"It may be stated as a general rule deducible from the cases cited in this annotation, that where by the terms of the policy the insurer assumes the obligation of defending or settling (or, in some policies, at its option, paying the amount of the policy), and the assured agrees that he will not, unless the insurer authorizes it, assume any liability or incur any expense, or interfere in any negotiations for settlement or legal proceedings being conducted by the insured, if the insurer, with knowledge of the facts, refuses to defend a claim within the terms of the policy, or abandons the defense, or conducts it in a negligent manner, or acts with bad faith towards the assured, it is in no position to invoke the clause whereby the assured agrees not to assume any liability or to exercise the right of conducting its own defense. Some of the cases view such conduct of the insurer as being a waiver of its rights under the clause, while others held that the insurer is estopped by its misleading conduct from invoking the clause." 34 A.L.R. 738.

In the case at bar, the automobile collision occurred February 9, 1959. On February 12, 1959, insurer's agent, by the letter of that date which is quoted above, fully advised insurer's "Claim Manager" that insured had paid $77.47 to plaintiff for damage to his car. On February 5, 1960, complaint was filed by plaintiff against insured, and served on insured May 13, 1960, more than a year after insurer had knowledge of the payment. The record indicates to us that counsel employed by insurer to represent insured filed demurrer on behalf of insured on June 18, 1960; that on July 7, 1960, the cause was submitted on demurrer, which was overruled July 14, 1960; that said counsel for insured filed plea of general issue on August 1, 1960; that the cause was set for trial October 24, 1960, and continued to November 14, 1960; that on November 14, 1960, said counsel for insured withdrew his appearance for insured and that judgment nil dicit was rendered against insured; that on writ of inquiry final judgment was rendered against insured; and *470 that this final judgment is the judgment which plaintiff seeks to collect in the case at bar.

The record does not disclose that insurer raised the breach of the no payment clause in any manner prior to August 28, 1960(?), when insurer paid to insured $77.47 and obtained insured's agreement that such payment was not a waiver of any condition of the policy. Insured did not agree that insurer's undertaking the defense of the action was not a waiver of the breach of the no payment clause. At least, the record does not show that insured so agreed.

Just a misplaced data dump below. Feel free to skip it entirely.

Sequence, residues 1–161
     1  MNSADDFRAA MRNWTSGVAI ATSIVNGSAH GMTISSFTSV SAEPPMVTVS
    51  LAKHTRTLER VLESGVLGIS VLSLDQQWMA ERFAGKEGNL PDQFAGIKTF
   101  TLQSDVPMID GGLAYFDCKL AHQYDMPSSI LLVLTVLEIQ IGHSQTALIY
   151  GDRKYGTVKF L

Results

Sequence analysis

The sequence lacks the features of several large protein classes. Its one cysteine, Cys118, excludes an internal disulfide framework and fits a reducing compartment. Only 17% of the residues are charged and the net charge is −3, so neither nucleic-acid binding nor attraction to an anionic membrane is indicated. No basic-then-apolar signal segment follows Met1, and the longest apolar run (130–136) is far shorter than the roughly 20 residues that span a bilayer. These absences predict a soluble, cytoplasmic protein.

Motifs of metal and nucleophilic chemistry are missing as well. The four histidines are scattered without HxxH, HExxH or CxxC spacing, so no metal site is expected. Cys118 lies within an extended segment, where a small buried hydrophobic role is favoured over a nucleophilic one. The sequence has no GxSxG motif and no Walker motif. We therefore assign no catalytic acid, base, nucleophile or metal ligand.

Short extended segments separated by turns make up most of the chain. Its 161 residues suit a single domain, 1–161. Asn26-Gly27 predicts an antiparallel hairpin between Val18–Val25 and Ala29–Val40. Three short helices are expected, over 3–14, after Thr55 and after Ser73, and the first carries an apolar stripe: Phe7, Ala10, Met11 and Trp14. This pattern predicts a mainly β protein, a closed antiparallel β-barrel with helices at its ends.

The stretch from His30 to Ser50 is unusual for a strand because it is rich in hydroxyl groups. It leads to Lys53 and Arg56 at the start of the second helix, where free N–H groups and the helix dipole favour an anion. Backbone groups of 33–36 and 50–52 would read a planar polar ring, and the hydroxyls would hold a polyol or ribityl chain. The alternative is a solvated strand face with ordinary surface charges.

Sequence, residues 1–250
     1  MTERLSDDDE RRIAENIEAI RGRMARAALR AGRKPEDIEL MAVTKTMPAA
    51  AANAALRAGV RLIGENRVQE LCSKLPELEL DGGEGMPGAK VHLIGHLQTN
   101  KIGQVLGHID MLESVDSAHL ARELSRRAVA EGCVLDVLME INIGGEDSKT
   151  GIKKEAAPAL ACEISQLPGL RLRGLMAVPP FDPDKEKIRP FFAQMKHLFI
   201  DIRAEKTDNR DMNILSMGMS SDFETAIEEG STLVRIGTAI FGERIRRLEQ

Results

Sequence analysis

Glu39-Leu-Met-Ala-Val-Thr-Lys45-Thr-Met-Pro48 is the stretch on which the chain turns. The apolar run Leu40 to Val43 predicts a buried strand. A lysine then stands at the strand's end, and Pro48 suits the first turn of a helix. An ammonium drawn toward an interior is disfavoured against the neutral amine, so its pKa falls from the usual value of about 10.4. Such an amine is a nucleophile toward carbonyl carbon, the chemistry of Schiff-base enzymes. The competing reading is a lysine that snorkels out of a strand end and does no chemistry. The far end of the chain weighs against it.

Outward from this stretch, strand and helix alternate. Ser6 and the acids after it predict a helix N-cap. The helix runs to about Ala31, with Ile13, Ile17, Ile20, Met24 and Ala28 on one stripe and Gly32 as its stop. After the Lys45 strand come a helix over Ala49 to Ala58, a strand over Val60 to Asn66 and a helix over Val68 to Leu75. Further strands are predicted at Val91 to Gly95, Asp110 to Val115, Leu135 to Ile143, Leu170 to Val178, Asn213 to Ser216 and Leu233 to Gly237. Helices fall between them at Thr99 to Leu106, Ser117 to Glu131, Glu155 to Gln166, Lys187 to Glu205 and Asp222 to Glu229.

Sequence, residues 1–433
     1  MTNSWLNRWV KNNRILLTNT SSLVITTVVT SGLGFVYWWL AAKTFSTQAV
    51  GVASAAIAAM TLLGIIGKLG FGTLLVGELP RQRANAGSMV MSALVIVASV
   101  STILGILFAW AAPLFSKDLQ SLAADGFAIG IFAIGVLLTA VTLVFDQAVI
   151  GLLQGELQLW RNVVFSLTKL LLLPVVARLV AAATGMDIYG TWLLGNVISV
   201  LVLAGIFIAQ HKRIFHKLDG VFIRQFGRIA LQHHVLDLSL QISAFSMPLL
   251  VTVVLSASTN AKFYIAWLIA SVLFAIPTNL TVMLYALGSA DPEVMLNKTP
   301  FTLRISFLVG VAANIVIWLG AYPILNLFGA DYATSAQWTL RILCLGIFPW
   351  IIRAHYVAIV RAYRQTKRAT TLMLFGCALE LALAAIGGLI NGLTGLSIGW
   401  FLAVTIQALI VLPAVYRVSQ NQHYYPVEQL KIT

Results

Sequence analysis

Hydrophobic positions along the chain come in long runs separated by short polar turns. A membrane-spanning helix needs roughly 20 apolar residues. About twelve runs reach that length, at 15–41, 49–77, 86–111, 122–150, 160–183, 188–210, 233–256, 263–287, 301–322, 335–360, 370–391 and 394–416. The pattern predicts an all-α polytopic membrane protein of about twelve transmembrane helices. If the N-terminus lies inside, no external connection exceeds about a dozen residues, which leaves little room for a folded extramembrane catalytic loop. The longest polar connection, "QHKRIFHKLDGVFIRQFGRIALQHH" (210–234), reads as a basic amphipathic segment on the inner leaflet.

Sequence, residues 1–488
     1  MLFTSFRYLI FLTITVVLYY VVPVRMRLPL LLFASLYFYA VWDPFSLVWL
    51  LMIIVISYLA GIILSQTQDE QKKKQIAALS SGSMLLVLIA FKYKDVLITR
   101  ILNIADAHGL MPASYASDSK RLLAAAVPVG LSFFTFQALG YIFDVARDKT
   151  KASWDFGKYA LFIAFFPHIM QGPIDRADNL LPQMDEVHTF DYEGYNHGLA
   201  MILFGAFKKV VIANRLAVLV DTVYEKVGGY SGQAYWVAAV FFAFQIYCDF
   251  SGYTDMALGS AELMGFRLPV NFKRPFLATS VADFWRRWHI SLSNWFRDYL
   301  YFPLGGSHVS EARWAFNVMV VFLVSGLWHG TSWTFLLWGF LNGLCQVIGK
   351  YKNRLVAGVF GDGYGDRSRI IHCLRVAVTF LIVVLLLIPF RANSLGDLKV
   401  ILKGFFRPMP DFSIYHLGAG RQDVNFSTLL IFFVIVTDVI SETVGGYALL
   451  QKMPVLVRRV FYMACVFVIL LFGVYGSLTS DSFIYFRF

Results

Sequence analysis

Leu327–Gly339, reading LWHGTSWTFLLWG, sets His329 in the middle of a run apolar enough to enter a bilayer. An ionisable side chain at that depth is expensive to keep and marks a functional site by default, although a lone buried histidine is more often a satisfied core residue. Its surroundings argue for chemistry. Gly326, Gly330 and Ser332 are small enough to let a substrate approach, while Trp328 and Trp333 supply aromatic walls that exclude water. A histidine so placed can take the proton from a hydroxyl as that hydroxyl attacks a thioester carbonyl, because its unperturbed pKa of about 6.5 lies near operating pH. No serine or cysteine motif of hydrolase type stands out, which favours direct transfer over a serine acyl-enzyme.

We have noted that the reference to "August 28, 1960," is contained in a letter dated "July 7, 1960," and are aware that one of these dates must be wrong. In either event, however, insurer did, with full knowledge of the alleged breach, undertake to defend, and did not then, or ever, so far as this record shows, advise insured that defense of the action was not a waiver of insured's breach of the no payment clause.

The record does not show that insured ever received notice of the date the action against insured was set for trial or that insurer would withdraw its defense of insured on that day. Counsel did not, so far as the record discloses, request a continuance on behalf of insured or opportunity to advise insured of the withdrawal. We are not unaware that insurer had not contacted insured for many months before trial and did not know insured's whereabouts.

The rule is well settled that forfeitures are not favored by the law, and the insurer may waive provisions in the policy intended for insurer's benefit. Mutual Life Ins. Co. v. Lovejoy, 201 Ala. 337, 78 So. 299, L.R.A.1918D, 860.

We are not clearly persuaded that the trial court was wrong in finding that insurer had waived any forfeiture which may have resulted from the voluntary payment made by insured to plaintiff, even if such payment be a forfeiture under the no payment clause here relied on.

We therefore conclude that the decree is not infected with the errors insisted on by appellant and are of opinion that the decree should be affirmed. Marlowe v. Benagh, supra.


LIVINGSTON, C. J., and LAWSON and GOODWYN, JJ., concur.